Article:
“We have traveled a great distance, indeed.” Kisidera inclined her head. “The fates have shone well upon us, granting us swift feet and strong mounts. Nonetheless, we find ourselves here, alone in an alien land. We would appreciate any gifts you have to spare.”
“For a proper Apician, anything.” The waitress dipped her head. “I trust that these esteemed companions of yours are held in proper regard of the court?”
“Truly, Lord Apician, may her life be as long as the stars above, has granted her blessing to these fine and diverse peoples.” Kisidera folded her hands just above the table. “They are considered as family to the court.”
“Then I do hope that you shall find our meager supply to your liking.” The waitress bowed before scurrying off. Sapphire frowned and turned to Kisidera. Everyone at the table, in fact, seemed to be regarding her with the same strange look.
“Apologies.” Kisidera bowed. “There exists across Calsin a network of Family-friendly taverns, inns, and other such businesses designed to serve wandering Family members.”
“I’m not complaining.” Garnisic folded his hands. “It’s better than anything anyone else has been able to get us.”
Sapphire chuckled softly at the statement. The statement was all too true, and included the efforts of herself, Paulin, Ondernifam, Hesione, and even Garnisic himself.
After leaving Torsitour, the group had fled to the south, hoping to escape to Taninor ahead of the invading Sintison forces. This plan had been quickly foiled, as word flowed north that armies of dwarves had been stationed at the border cities, preventing waves of refugees from entering the country. This left them with few options: Flee to the east, potentially getting trapped between the armies of Sintison, Elsinor, and the High Families. Stay in the middle and try to weather the war zone. Or…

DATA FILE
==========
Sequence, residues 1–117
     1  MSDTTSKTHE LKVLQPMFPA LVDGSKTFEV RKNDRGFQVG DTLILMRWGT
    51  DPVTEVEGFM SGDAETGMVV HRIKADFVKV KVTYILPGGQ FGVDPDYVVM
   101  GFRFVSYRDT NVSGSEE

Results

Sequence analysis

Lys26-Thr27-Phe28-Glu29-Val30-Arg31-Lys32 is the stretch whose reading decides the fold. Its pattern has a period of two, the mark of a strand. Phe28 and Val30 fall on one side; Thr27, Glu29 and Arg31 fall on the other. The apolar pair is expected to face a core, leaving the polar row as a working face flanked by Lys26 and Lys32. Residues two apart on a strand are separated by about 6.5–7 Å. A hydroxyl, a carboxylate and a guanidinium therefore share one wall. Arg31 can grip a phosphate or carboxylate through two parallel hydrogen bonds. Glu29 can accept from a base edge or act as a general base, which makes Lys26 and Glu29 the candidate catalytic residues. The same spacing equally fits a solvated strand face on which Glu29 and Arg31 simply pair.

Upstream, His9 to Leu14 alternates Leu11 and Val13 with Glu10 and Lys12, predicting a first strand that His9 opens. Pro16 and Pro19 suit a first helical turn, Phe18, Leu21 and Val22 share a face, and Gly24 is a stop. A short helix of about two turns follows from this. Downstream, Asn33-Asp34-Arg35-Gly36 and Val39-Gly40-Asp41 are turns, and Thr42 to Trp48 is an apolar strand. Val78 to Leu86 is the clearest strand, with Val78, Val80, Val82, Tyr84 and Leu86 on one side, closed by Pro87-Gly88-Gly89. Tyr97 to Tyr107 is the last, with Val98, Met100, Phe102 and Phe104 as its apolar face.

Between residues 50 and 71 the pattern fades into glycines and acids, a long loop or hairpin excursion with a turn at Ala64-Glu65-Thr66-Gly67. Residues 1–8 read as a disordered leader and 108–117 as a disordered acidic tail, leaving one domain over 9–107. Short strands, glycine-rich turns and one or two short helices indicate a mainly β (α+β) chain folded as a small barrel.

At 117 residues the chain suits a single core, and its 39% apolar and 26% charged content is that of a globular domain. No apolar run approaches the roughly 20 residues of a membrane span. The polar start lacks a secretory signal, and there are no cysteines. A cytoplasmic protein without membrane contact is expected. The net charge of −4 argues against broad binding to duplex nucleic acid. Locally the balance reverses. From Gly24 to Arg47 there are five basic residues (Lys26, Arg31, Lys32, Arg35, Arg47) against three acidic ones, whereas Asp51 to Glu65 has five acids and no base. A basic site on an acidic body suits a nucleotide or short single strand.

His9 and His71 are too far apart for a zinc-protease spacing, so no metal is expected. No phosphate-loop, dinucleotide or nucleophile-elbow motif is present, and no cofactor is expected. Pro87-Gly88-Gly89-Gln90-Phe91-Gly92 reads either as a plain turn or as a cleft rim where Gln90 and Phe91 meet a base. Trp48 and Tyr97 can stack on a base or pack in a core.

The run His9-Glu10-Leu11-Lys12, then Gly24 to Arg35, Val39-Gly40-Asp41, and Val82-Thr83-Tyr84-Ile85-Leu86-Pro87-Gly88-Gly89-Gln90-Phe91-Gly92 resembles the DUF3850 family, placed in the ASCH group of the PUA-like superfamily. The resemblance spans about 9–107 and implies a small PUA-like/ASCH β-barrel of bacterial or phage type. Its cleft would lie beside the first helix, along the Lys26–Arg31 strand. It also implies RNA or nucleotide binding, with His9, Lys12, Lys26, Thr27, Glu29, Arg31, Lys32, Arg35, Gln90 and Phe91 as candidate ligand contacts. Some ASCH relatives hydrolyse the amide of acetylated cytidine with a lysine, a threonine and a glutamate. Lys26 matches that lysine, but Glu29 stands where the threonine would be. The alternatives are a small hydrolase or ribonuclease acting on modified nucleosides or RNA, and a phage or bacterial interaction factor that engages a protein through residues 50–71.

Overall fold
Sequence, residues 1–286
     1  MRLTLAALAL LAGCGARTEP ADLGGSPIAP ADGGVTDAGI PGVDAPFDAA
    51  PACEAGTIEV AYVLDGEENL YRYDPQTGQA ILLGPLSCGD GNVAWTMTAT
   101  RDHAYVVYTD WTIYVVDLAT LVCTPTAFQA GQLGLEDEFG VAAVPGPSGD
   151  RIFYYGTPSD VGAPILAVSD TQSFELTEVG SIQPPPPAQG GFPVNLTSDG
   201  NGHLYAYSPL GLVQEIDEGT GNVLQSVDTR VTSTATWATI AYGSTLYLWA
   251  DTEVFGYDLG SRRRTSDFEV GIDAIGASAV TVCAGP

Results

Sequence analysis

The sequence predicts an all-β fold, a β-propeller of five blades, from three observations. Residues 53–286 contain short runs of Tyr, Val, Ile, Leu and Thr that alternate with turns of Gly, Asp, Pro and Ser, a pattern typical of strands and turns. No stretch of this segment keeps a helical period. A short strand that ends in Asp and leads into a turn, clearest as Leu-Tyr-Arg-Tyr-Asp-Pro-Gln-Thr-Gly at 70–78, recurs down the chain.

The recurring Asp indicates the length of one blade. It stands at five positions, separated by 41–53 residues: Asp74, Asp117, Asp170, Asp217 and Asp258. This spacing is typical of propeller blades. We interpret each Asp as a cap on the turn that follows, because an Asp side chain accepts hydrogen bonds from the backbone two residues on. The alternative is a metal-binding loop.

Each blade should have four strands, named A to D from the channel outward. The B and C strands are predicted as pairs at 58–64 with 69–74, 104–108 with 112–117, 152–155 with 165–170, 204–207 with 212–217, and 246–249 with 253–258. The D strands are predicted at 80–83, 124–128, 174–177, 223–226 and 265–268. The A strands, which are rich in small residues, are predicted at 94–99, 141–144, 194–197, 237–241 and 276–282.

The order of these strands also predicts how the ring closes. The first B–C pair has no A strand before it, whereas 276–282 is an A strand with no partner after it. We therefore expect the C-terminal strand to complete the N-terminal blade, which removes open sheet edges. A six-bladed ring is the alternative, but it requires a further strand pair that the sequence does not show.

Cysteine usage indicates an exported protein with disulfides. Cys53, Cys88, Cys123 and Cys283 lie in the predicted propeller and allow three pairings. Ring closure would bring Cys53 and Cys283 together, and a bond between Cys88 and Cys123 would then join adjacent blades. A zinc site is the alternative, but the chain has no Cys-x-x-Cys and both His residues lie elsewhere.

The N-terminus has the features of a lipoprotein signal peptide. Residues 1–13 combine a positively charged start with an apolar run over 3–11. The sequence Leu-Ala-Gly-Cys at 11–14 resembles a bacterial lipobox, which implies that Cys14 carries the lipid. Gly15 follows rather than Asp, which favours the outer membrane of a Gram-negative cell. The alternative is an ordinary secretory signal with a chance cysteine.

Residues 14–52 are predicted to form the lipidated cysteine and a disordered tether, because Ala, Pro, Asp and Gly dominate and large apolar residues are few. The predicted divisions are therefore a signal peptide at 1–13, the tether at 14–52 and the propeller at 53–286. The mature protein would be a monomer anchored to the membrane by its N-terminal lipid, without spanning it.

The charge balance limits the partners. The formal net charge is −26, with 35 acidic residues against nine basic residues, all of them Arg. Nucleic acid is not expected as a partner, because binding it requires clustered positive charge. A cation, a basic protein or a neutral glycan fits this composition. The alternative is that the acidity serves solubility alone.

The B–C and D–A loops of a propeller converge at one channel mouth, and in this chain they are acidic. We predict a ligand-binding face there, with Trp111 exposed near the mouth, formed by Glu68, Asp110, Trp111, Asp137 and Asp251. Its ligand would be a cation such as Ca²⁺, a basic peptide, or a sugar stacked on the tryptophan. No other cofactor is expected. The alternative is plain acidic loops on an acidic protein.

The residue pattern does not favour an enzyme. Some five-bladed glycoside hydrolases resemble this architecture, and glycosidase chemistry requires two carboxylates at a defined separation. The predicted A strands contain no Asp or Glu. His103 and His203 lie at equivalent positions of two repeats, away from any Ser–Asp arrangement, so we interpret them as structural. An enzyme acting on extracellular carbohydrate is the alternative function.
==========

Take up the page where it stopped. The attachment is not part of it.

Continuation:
Or, do something crazy. Like disguising themselves as refugees and trying to make it into Sintison itself. The plan had sounded as solid as any, and they had quickly traveled west, trying to make it past the armies before the fighting got too intense. Eventually, after several delays, they had made it to Goistour, a former border city between Elsinor and Sintison. And now, apparently, entirely part of Sintison proper.
“If you like, feel free to stand up and walk around.” Kisidera shrugged. “Preparing a meal for a proper Apician member will take them some time, so you might as well enjoy the tavern while we’re here. Unless you’d just like to stay and talk about our future plans more?”
Sapphire groaned and shook her head. “I just want a nice night. Then I’ll think about plans.” With that, she slid out of the booth and gave a small twirl, puffing out her dress a bit. She vastly preferred wearing her combat robes, but it had been determined that a dress made her look less threatening. And the boys seemed to like it. With that, she turned and wandered up to the bar, where several males quickly slid aside to make room for her.
She flashed a thankful smile and leaned against the bar, glancing back and forth at the men. Most were high elven, ranging from elders likely nearing a millennium in age to strapping young lads more or less equivalent to a twenty-year-old human. One of them, a high elf with a single dark streak under one eye, sauntered over and leaned up next to her.